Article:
Individuals with disabilities can obtain a Transportation Access Pass (TAP) CharlieCard to ride the MBTA at discounted rates. To obtain a TAP CharlieCard for the first time, you'll need to complete a TAP application. Our office can help you qualify for the pass. Contact the Threshold Alumni Center for a copy of the application.
The CharlieCard Store
The CharlieCard Store is located in Downtown Crossing Station (underground concourse) in Boston, accessible by the Red and Orange MBTA subway lines.
Hours: Monday–Friday, 8:00 am–5:30 pmPhone: 617.222.3200
If you have a missing or expired pass, you can go to the CharlieCard Store at Downtown Crossing with a photo ID for a replacement card, or contact the Threshold Alumni Center.
SNAP is the Supplemental Nutrition Assistance Program, which used to be called Food Stamps. SNAP benefits can be used to purchase food at grocery stores and now even some farmers markets, making shopping for healthy food easier. SNAP benefits are given to you each month on a plastic card called an EBT (Electronic Benefits Transfer card). The card looks and works just like a debit card.
Qualifying for SNAP
Many different people qualify for the nutritional assistance program, including those who are working in a paid position. We recommend using this free, online SNAP (Food Stamps) screening tool to see if you qualify. Keep in mind that the screening tool does not cover everything: if you think you may qualify, we can help you with the application process.
Applying for SNAP
Affordable housing options in the state of Massachusetts have very long waiting lists. If you qualify, we recommend applying but understanding that this process takes a substantial amount of time. The earlier you apply, the better off you'll be.
Rental assistance programs, including federally funded Section 8, help low-income individuals rent apartments by providing financial assistance through local housing authorities. Eligibility is based on income. You can find the income for the particular city or town you may be interested in through the U.S. Department of Housing and Urban Development (HUD). People who are granted Section 8 pay a percentage of their monthly rent and the Section 8 voucher will cover the difference. The landlord renting the apartment decides the amount paid for rent.
Application/Waiting List for Section 8 Housing
We recommend applying to the centralized waiting list. There are 98 communities participating in the centralized waiting list. Obtain a Section 8 application, or apply online for the centralized waiting list.
You may also apply to each housing authority that does not participate in the centralized list. The City of Cambridge does not participate in the list, but their application can be found through the Cambridge Housing Authority; however, their lists are currently closed.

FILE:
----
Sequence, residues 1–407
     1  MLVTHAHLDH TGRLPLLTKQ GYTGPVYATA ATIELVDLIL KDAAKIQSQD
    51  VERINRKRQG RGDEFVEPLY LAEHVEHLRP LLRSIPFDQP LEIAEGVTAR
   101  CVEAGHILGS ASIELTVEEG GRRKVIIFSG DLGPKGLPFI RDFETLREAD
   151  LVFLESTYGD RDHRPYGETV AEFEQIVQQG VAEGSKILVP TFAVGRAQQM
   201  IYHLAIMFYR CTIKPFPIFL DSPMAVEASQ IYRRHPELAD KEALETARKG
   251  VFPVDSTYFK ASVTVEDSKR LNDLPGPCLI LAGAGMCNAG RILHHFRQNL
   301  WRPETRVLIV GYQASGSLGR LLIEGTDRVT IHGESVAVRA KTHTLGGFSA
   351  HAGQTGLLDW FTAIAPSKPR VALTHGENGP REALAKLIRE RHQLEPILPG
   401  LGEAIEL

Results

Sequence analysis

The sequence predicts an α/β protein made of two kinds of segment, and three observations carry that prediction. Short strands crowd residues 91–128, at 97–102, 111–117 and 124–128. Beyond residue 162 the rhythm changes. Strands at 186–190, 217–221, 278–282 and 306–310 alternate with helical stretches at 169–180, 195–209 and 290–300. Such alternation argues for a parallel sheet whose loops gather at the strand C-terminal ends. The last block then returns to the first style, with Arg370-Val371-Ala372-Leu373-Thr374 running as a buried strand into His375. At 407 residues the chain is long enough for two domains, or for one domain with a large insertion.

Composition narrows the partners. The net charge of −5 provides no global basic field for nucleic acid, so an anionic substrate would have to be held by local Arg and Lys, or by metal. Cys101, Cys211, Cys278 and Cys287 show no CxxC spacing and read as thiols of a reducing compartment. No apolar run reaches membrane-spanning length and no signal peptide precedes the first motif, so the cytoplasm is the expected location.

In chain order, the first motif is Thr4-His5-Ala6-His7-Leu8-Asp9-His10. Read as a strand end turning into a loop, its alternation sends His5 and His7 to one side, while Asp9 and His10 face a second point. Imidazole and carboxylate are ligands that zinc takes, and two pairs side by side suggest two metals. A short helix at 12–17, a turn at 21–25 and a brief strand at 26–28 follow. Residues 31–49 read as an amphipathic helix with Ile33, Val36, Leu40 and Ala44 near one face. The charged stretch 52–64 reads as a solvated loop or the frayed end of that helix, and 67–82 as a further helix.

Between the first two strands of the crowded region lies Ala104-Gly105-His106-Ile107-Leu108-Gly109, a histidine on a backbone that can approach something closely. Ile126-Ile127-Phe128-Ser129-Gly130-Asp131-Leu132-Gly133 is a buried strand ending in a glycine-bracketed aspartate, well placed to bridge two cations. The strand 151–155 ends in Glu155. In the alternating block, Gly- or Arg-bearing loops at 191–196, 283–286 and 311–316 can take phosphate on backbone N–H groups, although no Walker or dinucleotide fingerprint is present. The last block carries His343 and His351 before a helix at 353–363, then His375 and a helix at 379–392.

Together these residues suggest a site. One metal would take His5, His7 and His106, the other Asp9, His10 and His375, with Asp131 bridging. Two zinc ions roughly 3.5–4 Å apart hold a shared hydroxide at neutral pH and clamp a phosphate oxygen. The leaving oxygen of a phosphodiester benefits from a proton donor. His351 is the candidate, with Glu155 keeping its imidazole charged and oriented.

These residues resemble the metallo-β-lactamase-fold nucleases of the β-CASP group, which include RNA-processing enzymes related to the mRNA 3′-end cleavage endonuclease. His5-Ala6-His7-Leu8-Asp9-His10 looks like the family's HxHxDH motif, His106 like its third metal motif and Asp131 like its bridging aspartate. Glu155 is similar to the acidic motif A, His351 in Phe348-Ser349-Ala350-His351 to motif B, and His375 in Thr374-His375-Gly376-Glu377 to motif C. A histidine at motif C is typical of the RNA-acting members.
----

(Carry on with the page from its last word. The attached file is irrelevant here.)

There are different types of public housing available, such as housing for families, elderly, and individuals with disabilities. Your income must be less than 80 percent of the area median income. Income guidelines vary depending on the location and year. View the guidelines via the U.S. Department of Housing and Urban Development. The rent you pay is based on your household income and expenses.
Application/Waiting List for Public Housing
The waiting list for public housing is very long. You must put your name on the waiting list that is kept by the local housing authority in the community where you wish to live. You are able to put your name on as many lists as you qualify for. Make sure to update your contact information, especially phone numbers and address, with the housing authority, as this is how they will contact you.
The Massachusetts Rehabilitation Commission's (MRC) Vocational Rehabilitation Program provides employment support, including finding or maintaining a job. As a graduate of Threshold, you qualify for services. We are happy to refer students to Vocational Rehabilitation programs and help with the application process. Typically, there is a waiting list for these services.
Vocational Rehabilitation Services by State
Nutritional Assistance (SNAP)
Curriculum and Career Paths
Residence and Student Life
Faculty and Staff
Director: Dr. Ernst VanBergeijk
Admissions and Financial Aid
Tuition and Fees
Threshold Alumni Support Center
Resources and Benefits Assistance
Gainful Employment Information
Lesley Email and LOIS
Student Activities Blog
Contact us if you should need assistance. We also welcome feedback, requests, or suggestions from our alumni.